Pain at the pump—but no easy answers
Honoring the needs of your neighbor in the marketplace
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For most Americans, the pain of the war in Ukraine remains dim and distant, with one highly visible exception: gas prices. Within two weeks of Vladimir Putin’s invasion, as Western sanctions curtailed access to immense Russian oil and gas exports, the price of oil surged from $91 a barrel to $123, and the average price Americans paid at the pump for gas spiked from $3.60 to $4.35. Although both prices have somewhat moderated, such a sudden hit to Americans’ pocketbooks has provoked a predictable political outcry. Some have asked why consumers should bear the burden while Big Oil unfairly profits from a global crisis, while House Democrats have proposed a tax on windfall energy profits. Others have insisted that free markets can solve this temporary problem.
Both have a point. Market incentives can and should respond to price signals so that high prices now will spur more oil production later. But those crying “foul” are not imagining things either. Markets do not always produce fair outcomes all on their own but must be part of a larger moral order that recognizes virtues such as the good of our neighbor.
In a well-designed free-market economy, rewards follow past productive work and incentivize future productive work. Windfall profits are a curious case where the market fails to do the former but still succeeds well at the latter. The term “windfall,” as you might guess, originally referred to fruits or nuts blown down by a windstorm: a providential gift to whoever might own the land they blew onto, who could then potentially reap profit with minimal work. In modern market economies, windfalls occur especially in natural resource industries, when war, natural disaster, or some other outside event reduces the supply of some urgently needed resource. It drives prices up dramatically and gives the remaining suppliers in the market the chance to maximize profits.
Want to prevent that? The problem is that even if windfall profits offer unearned income in the moment, they help stimulate precisely the kind of productive work that is most likely to benefit consumers over the long haul. When oil is above $100 a barrel, drillers will open a lot more wells than they do at $50 a barrel, especially in marginal drilling sites that are expensive to operate. Any attempt to suppress prices and profits in the near term can exacerbate the problem in the long term by reducing incentives to increase production.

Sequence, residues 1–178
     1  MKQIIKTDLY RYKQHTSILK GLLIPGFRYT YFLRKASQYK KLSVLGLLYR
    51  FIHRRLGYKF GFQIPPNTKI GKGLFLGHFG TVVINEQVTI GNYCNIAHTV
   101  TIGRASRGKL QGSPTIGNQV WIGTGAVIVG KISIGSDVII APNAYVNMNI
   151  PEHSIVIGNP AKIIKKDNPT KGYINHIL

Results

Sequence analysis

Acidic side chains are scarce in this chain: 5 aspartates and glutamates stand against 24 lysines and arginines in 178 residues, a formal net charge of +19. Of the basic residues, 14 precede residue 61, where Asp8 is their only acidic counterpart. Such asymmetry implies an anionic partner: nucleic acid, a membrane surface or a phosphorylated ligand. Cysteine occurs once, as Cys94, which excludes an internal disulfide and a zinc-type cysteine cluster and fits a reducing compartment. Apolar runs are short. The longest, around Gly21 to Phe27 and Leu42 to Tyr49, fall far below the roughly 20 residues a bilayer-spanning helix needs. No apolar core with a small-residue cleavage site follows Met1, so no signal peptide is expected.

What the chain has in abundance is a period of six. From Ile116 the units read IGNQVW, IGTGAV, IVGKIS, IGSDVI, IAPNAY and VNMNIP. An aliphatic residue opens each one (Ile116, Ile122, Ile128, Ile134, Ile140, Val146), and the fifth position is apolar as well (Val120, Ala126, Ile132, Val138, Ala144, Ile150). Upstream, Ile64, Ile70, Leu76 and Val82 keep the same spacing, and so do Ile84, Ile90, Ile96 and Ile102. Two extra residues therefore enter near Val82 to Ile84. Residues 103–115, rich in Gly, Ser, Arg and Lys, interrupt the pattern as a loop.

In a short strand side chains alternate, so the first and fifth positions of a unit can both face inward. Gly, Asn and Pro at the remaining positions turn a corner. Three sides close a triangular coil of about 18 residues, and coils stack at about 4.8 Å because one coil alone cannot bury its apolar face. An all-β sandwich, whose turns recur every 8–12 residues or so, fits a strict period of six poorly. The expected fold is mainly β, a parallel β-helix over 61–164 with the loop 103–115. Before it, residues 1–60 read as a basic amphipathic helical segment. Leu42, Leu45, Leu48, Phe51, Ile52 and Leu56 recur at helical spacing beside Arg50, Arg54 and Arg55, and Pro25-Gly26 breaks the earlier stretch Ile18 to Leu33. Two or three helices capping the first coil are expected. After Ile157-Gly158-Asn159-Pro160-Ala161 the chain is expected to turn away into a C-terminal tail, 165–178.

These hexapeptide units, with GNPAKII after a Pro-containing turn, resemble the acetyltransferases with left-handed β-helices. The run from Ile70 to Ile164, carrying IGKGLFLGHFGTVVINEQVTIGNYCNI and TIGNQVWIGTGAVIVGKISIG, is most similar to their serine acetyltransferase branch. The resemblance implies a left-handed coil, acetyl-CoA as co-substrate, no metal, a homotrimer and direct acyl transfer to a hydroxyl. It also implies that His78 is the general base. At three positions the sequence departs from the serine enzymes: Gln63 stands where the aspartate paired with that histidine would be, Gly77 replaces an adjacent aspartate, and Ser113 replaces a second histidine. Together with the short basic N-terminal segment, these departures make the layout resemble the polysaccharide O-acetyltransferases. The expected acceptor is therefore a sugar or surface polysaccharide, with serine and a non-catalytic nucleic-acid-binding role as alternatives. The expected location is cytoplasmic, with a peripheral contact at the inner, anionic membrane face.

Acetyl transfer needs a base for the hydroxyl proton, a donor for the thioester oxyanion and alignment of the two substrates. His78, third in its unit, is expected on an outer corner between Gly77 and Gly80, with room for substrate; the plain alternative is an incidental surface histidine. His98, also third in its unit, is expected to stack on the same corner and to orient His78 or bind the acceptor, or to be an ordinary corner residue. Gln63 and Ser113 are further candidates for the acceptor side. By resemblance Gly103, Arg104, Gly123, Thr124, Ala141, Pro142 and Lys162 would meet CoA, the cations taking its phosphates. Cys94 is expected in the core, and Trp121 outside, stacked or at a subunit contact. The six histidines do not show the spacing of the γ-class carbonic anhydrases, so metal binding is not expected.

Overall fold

In light of this reality, we might be reminded of the famous quip, “Capitalism is the worst economic system, except for all the others that have been tried.” Global resource supply crunches provide opportunities for a few to get rich at the expense of the many, but they also generate the incentives that should, in theory, make such shortages less likely in the future. Perhaps this is the best we can hope for in a fallen world, though we should beware of giving up too hastily on attention to the moral foundations that made modern free-market capitalism possible.
Our Protestant forebears knew the danger of human greed and selfishness, and that, given free rein, these impulses would lead not to free markets but to oppression and exploitation. Accordingly, they argued that it is not enough not to steal. Rather, the Eighth Commandment imposes on all market participants the obligation not merely to avoid stealing but to positively seek the good of our neighbor: “That I do whatever I can for my neighbor’s good, that I treat others as I would like them to treat me, and that I work faithfully so that I may share with those in need” (Heidelberg Catechism Q&A 111). From this standpoint, the just thing to do would be to pass on as few costs to consumers as possible during times of shortage.
In an older era, many virtuous businessmen (such as the small-town banker idealized in It’s a Wonderful Life) tried to put this principle into practice. Today, however, the growing scale of our economy has weakened the interpersonal bonds that nourish such sacrificial behavior. When your “neighbor” in the storefront has been transformed into a faceless and nameless “consumer” far removed from corporate boardrooms, it’s hard to see why you should sacrifice potential profits for his benefit. Furthermore, the complexity of the economy sometimes makes it difficult to know what would truly help our neighbors.
But, if corporations are seen to be driven only by greed, pressure will build for government intervention. The next few weeks could be interesting indeed.
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